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Chapter 3. The quest for a third space

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Abstract

While a narrative approach to the construction of identity opens up quite “naturally” to the question of who I am in time, i.e. to a temporal order, it is inclined to neglect the question of who I am part of, i.e. of belonging. This essay argues that the adherence to a plurality of social worlds provides the teller with options of self-positioning in his or her self-narratives. Even within the confinement of a limited story world a whole variety of self-positions is regularly evoked. Social exclusion, on the other hand, can be described in positioning theory as the experience of other positioning, of being positioned by dominant others. Other positioning endangers the possibility of narrating oneself as an agent in one’s own self-stories and consequently obstructs the process of identity construction. This raises the question how individuals manage to maintain the dynamics of self-positioning in self stories, which are largely shaped by the experience of social exclusion. To answer this question, Michel Foucault’s concept of heterotopias as used by Kevin Hetherington is discussed as the conceptualization of a – real – social world, which is related to the dominant social order in an ambivalent way. Heterotopias offer the experience of a third space, beyond the binary logics of an “either-or” or “in-out” and thus allow for the development of self-positions beyond these oppositions. Two empirical examples of heterotopic self-positioning are presented. The characteristics of these narratives are discussed.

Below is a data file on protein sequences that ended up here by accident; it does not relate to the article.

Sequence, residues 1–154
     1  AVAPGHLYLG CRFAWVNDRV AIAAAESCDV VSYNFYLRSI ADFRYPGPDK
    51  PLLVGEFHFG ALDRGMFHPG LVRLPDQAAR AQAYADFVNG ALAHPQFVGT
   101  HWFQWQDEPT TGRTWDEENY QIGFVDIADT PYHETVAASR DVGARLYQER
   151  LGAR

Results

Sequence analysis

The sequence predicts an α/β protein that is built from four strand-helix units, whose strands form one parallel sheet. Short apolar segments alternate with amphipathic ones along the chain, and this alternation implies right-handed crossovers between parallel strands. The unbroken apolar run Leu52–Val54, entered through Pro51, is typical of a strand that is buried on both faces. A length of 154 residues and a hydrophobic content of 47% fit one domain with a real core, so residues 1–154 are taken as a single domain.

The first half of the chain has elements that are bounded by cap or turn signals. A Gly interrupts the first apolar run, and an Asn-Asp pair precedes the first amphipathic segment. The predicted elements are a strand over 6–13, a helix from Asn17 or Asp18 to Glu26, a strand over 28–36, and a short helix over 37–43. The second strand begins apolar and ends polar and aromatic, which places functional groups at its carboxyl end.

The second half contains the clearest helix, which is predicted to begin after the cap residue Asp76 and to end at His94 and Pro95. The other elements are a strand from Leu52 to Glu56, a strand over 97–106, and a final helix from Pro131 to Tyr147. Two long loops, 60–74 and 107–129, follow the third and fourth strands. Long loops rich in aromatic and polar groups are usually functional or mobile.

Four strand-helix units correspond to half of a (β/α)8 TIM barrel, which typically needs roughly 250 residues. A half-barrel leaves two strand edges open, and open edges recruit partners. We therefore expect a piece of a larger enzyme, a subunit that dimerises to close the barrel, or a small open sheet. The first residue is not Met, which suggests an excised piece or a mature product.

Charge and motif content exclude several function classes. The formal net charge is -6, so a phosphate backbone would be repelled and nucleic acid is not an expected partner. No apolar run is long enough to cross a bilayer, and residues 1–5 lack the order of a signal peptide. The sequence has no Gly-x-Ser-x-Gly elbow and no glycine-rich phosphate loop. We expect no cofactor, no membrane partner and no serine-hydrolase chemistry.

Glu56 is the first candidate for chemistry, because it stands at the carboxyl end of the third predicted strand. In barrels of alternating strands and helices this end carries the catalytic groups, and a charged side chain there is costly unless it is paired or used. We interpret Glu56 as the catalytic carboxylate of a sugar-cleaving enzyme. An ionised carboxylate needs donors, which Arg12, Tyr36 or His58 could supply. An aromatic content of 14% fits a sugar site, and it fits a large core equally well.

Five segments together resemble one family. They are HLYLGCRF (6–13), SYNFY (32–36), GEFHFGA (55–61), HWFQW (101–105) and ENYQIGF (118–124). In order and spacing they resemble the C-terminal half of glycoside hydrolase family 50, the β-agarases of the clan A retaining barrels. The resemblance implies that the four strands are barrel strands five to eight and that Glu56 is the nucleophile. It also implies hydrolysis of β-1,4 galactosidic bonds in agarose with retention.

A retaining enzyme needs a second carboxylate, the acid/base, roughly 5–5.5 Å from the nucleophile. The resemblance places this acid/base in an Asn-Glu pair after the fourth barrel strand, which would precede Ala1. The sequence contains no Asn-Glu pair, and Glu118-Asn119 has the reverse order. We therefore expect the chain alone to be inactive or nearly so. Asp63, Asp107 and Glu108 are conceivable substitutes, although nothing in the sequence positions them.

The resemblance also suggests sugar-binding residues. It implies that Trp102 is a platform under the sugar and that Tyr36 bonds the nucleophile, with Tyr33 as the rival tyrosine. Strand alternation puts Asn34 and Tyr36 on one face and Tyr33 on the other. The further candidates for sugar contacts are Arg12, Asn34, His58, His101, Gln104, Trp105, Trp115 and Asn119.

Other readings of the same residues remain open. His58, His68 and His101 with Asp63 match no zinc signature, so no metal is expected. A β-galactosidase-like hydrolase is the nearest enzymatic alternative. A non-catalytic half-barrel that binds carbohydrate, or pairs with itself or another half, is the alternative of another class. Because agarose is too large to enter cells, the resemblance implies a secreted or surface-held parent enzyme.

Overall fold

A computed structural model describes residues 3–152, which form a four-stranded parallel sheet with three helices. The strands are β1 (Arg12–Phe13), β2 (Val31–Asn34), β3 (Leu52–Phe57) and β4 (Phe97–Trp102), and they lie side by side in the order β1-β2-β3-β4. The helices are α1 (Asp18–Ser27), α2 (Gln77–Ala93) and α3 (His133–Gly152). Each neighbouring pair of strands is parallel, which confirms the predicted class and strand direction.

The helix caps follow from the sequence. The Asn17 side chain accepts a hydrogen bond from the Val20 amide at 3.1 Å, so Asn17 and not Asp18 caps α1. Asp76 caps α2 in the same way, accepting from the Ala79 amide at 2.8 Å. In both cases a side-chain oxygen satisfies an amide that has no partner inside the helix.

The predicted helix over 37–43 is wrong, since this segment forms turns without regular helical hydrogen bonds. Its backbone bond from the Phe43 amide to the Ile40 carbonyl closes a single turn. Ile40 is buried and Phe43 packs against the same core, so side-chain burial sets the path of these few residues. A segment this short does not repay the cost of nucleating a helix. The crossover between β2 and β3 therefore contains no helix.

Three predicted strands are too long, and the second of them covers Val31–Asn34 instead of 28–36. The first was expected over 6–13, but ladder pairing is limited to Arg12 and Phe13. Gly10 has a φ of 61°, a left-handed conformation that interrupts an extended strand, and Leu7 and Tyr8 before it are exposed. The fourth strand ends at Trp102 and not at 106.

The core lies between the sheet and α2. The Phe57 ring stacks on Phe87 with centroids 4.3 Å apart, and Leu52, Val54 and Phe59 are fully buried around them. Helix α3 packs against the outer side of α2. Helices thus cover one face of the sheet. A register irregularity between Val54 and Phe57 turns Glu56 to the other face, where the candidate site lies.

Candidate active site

References

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